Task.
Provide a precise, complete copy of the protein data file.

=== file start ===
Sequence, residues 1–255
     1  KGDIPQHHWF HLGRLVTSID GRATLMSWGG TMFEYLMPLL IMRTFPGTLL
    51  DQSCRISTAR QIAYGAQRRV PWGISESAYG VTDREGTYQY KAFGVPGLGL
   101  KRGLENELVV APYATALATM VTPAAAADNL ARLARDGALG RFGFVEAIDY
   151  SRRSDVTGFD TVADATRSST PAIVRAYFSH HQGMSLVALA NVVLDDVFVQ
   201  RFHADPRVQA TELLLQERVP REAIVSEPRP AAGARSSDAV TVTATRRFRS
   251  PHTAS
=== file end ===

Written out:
Sequence, residues 1–255
     1  KGDIPQHHWF HLGRLVTSID GRATLMSWGG TMFEYLMPLL IMRTFPGTLL
    51  DQSCRISTAR QIAYGAQRRV PWGISESAYG VTDREGTYQY KAFGVPGLGL
   101  KRGLENELVV APYATALATM VTPAAAADNL ARLARDGALG RFGFVEAIDY
   151  SRRSDVTGFD TVADATRSST PAIVRAYFSH HQGMSLVALA NVVLDDVFVQ
   201  RFHADPRVQA TELLLQERVP REAIVSEPRP AAGARSSDAV TVTATRRFRS
   251  PHTAS